In terms of volume it is very
difficult for brine potash producers to compete with the hard
rock miners that dominate the industry. The volumes of brine
liquid are immense and the concentration of potash considerably
lower compared with its rock counterpart.
Jordan based Arab Potash Co. (APC),
however, has positioned itself as the second largest producer
of the predominately fertiliser mineral in the Middle East and
all from extracting and processing potash from the Dead
In terms of potash production from
brine, APC is the second largest in the world with a 2.5m. tpa
output. It is sandwiched between the leading producer, Israeli
Chemical Ltd with a 5m. tpa capacity and SQM SA of Chile which
has the ability to mine 550,000 tpa from its operation in the
The Dead Sea is one of the worlds
richest sources of dissolved minerals
such as potash, magnesia and lithium.
Potash from the Dead Sea
The process commences at the brine
pumping station where four intake pumps with a capacity of
around 18 m3/s deliver about 300m. tpa of the Dead
Sea brine to salt ponds where the brine is further concentrated
through solar evaporation.
At the end of the salt ponds, the
brine flows by gravity into a pond. From there the brine is
pumped to the first carnallite pond and then it flows by
gravity to the remaining ponds. Carnallite production capacity
from this system is over 9m. tpa of pure carnallite a year.
Carnallite deposited in ponds is
collected via specially designed equipment called harvesters
that cut the precipitated carnallite and pump it to the plants
as a slurry of solids (carnallite and sodium chloride) and
brine. Presently, there are eight operating harvesters each of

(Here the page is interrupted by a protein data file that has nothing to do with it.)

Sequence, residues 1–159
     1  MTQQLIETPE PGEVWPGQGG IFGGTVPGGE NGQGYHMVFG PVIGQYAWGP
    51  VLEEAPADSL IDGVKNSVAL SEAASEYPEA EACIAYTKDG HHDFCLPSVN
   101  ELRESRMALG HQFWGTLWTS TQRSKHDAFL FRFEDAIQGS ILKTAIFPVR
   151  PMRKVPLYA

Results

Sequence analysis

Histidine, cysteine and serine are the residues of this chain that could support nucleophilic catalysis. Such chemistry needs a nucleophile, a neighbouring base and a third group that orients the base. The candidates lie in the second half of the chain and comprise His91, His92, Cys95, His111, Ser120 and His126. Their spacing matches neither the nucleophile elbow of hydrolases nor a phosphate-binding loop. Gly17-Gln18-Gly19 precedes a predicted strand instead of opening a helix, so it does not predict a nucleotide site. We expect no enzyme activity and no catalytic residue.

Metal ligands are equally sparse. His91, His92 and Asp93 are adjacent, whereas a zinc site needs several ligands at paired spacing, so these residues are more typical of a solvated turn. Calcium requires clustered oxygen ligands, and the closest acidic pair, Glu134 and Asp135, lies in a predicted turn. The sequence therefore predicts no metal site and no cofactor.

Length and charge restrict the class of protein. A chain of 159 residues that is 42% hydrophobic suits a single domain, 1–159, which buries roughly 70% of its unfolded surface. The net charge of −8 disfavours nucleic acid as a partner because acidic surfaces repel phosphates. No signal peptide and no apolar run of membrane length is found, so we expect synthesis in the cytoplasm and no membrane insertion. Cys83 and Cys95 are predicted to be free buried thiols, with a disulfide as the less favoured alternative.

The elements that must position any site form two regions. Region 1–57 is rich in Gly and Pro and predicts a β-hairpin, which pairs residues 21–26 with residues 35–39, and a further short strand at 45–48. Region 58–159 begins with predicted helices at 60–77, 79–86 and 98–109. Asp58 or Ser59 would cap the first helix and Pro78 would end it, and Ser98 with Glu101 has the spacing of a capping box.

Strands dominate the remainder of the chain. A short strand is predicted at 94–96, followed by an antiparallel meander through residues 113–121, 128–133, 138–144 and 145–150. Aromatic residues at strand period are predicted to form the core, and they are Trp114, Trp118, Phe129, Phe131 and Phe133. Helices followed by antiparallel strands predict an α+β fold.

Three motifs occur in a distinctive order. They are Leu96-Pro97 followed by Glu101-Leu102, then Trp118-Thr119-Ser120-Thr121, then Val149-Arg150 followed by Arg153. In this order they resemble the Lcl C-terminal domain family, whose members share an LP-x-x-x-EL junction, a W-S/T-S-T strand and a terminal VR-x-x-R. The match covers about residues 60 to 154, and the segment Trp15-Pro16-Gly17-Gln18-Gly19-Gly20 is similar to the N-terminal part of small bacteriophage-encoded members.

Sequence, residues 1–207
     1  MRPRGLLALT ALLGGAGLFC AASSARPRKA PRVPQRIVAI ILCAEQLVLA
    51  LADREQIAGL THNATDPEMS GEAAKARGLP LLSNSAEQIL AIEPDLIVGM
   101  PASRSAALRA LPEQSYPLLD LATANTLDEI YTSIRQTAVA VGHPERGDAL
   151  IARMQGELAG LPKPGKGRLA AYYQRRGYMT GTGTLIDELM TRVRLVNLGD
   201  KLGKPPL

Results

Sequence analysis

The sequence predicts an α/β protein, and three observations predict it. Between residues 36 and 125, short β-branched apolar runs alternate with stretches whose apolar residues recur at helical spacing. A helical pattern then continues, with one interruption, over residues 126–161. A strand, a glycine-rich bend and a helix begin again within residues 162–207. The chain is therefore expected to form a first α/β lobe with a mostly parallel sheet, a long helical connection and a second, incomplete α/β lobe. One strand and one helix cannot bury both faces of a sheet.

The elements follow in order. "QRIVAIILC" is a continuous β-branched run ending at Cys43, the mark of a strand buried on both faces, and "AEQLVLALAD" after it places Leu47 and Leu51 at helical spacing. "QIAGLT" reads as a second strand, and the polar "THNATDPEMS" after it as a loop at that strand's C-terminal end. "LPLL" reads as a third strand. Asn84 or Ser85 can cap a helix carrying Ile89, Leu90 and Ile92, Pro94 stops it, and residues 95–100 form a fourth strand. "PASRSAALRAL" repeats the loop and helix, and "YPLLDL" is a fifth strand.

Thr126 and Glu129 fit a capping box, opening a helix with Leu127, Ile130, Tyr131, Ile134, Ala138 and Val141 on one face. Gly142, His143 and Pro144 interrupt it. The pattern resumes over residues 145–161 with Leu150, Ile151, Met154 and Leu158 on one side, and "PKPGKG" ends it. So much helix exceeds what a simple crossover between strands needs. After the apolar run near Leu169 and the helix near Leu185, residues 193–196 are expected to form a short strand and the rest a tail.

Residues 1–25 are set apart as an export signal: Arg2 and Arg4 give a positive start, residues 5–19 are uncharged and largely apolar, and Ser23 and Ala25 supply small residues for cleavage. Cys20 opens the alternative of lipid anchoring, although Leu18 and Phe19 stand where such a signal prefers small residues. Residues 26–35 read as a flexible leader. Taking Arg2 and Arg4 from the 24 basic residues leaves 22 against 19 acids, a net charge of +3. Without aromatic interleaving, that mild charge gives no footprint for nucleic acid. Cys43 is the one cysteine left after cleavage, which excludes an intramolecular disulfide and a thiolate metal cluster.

which can deliver a design flow rate of 720
Carnallite slurry is processed in a
two-stage decomposition process to remove the magnesium
chloride, thereby leaving a potassium chloride and sodium
chloride mixture called sylvinite.
The sylvinite cake is then leached
with heated brine to extract potassium chloride from sylvinite.
Potassium chloride dissolves leaving behind sodium chloride
solids. The hot brine is clarified in a hot thickener, the
overflow of which is pumped to the crystallisation process and
the underflow slurry containing sodium chloride crystals is
centrifuged and the resulting solids are sent to tailing.
The crystallisation process
involves cooling the saturated hot brine in a six-stage vacuum
crystallisers system that produces potash crystals. Potash
slurry from the last stage crystalliser is partially dewatered
in hydro cyclones, and the underflow of the cyclones is sent to
centrifuges for further dewatering.
The cake from the centrifuges is
then dried in a rotary dryer, cooled and screened into standard
and fine product grades. Portions of these grades can be
diverted into a compaction plant of a granular potash capacity
of 150,000 tpa.
The carnallite ponds and a harvester
at the Safi potash extraction facility in
Jordan. Courtesy Arab Potash Co.
Cold crystallisation plant
Here the carnallite slurry is first
screened to separate the high-grade coarse carnallite which is
then fed directly to the cold crystallisers. The undersize
material is then beneficiated by flotation to separate sodium
chloride. The product of the flotation unit is then dewatered
in the centrifuges which produce the fine carnallite cake.
Both coarse and fine carnallite are
decomposed in a two-stage crystalliser together with water.
Potassium chloride crystals form in the crystallisers. The